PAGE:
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A Dog Poo Wormery

We’ve currently got nine dogs. Nine dogs produce a lot of poo, and some of it needs to be collected up and disposing of. We’ve tried various ways of composting it in the past, none of which were entirely satisfactory.

This time we’re asking our composting worms to lend a hand, putting together a vermicomposting system to deal specifically with dog poo.

The system is in an old bath. The plug hole has been removed and the hole covered with fine grade mesh, so that liquids can run through but not the compost. The bath is supported on block, on a very slight angle to allow it to drain in heavy rain.

I used a layer of material from one of our existing wormeries to start it off in the bottom of the bath. Then a layer of dog poo mixed with sawdust as I collected it. Then a layer of organic material, in this case autumn leaves as there were loads lying around, another layer of dog poo, and so on. I’ll be adding another layer of organic material each time I add a bucket of dog poo. On top is a layer of old jeans or cardboard to add a little insulation in winter and a little shade in summer, then a couple of tyres to hold it all down. Eventually the card or fabric will decompose to the stage were it can get combined into the wormery and just replaced.

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Left: A handful of worms plus some material from another wormery, topped with a bucket of dog poo mixed with sawdust. Right: Abby covering this with a layer of organic material, in this case leaves.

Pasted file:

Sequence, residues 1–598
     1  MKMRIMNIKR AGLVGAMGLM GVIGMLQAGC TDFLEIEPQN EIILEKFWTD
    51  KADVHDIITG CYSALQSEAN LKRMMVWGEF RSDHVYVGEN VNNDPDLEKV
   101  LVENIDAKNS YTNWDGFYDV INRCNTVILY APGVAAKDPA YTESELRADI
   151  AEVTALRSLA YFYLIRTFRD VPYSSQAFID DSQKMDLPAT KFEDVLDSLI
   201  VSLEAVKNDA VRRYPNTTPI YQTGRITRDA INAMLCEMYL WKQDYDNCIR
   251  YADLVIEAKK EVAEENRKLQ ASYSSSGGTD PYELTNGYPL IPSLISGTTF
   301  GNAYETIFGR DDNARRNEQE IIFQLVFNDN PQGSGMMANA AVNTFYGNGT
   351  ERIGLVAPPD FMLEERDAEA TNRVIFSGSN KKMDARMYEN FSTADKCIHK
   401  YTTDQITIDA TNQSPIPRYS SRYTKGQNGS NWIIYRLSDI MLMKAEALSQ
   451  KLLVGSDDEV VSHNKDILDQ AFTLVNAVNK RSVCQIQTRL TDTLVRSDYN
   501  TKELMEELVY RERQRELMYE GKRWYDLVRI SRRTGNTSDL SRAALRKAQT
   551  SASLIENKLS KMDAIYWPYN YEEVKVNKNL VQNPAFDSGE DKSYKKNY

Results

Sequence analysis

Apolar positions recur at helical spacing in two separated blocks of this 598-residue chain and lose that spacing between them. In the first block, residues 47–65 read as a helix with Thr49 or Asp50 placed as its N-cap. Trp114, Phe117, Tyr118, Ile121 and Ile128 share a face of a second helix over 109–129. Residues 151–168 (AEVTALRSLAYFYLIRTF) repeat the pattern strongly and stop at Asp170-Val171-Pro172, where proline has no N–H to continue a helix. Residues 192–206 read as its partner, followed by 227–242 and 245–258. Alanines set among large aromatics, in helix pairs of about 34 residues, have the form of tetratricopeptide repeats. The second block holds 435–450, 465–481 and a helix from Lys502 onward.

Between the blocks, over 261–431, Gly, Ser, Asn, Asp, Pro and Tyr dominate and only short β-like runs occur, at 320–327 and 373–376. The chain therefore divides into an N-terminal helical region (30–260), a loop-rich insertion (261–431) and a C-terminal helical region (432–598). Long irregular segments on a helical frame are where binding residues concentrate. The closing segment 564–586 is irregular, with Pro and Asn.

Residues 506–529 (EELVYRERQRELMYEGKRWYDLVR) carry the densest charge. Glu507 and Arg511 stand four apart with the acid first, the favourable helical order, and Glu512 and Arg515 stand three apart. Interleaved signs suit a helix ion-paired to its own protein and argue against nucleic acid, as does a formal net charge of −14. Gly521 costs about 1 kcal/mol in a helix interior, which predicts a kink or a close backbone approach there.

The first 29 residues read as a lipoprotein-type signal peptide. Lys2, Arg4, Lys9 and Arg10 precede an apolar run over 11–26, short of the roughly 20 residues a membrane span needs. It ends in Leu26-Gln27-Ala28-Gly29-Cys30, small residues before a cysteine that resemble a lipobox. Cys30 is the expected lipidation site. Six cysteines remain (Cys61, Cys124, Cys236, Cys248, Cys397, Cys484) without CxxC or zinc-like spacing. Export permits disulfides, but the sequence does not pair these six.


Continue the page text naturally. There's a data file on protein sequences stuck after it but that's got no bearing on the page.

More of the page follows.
Rain will run through the material, out of the plug hole and be collected in a bucket. In a standard wormery we’d collect this liquid and use as a fertiliser, but in this case it will be disposed of well away from edibles. In the sun I find that wormeries dry out quickly, so pouring the liquid back over the top may solve two problems simultaneously, leaving me only the issue of what to do with it in particularly wet weather to worry about.

Previous experience tells me that the worms will reduce the volume of this fairly fast, but there will come a time when the bath fills up. I won’t  be able to use it straight away as the top layers will still be fairly fresh, so at that point we’ll empty it out for further composting. My guess is about 6 months, but certainly time greatly reduced thanks to the worms. A handful of worms and matter from the oldest layers can be used to restart the system. If I were in a situation where I had an endless quantity of bathtubs, I’d leave it in situ to complete composting but sadly they’re hard to come by.

The finished compost will be used, as our composted humanure from the compost toilets is, on non edible areas of the site.

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It didn’t take long for life to appear! Amazing what some dog poo coupled with leaves and grass can support 

 

 

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